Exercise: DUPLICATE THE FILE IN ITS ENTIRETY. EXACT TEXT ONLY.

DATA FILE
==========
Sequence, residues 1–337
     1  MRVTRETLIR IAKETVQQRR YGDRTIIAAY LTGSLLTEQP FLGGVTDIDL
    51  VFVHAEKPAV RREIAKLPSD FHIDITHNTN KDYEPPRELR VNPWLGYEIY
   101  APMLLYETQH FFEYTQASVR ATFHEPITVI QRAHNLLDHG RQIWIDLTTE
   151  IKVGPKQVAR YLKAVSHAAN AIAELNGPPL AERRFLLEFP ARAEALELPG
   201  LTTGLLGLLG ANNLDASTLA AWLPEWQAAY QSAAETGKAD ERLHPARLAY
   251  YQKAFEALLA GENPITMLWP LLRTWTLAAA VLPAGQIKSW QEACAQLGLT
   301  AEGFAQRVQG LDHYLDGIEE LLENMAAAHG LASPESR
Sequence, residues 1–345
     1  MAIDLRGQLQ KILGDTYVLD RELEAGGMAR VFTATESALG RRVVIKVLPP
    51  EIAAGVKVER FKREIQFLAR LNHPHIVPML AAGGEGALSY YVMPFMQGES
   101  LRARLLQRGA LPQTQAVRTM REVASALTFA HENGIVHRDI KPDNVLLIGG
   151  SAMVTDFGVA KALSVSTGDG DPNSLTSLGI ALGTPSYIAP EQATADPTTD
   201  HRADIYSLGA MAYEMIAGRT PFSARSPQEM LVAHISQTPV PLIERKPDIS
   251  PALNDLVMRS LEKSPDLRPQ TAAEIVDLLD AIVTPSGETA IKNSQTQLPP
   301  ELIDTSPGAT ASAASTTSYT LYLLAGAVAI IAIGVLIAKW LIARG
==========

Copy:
Sequence, residues 1–337
     1  MRVTRETLIR IAKETVQQRR YGDRTIIAAY LTGSLLTEQP FLGGVTDIDL
    51  VFVHAEKPAV RREIAKLPSD FHIDITHNTN KDYEPPRELR VNPWLGYEIY
   101  APMLLYETQH FFEYTQASVR ATFHEPITVI QRAHNLLDHG RQIWIDLTTE
   151  IKVGPKQVAR YLKAVSHAAN AIAELNGPPL AERRFLLEFP ARAEALELPG
   201  LTTGLLGLLG ANNLDASTLA AWLPEWQAAY QSAAETGKAD ERLHPARLAY
   251  YQKAFEALLA GENPITMLWP LLRTWTLAAA VLPAGQIKSW QEACAQLGLT
   301  AEGFAQRVQG LDHYLDGIEE LLENMAAAHG LASPESR
Sequence, residues 1–345
     1  MAIDLRGQLQ KILGDTYVLD RELEAGGMAR VFTATESALG RRVVIKVLPP
    51  EIAAGVKVER FKREIQFLAR LNHPHIVPML AAGGEGALSY YVMPFMQGES
   101  LRARLLQRGA LPQTQAVRTM REVASALTFA HENGIVHRDI KPDNVLLIGG
   151  SAMVTDFGVA KALSVSTGDG DPNSLTSLGI ALGTPSYIAP EQATADPTTD
   201  HRADIYSLGA MAYEMIAGRT PFSARSPQEM LVAHISQTPV PLIERKPDIS
   251  PALNDLVMRS LEKSPDLRPQ TAAEIVDLLD AIVTPSGETA IKNSQTQLPP
   301  ELIDTSPGAT ASAASTTSYT LYLLAGAVAI IAIGVLIAKW LIARG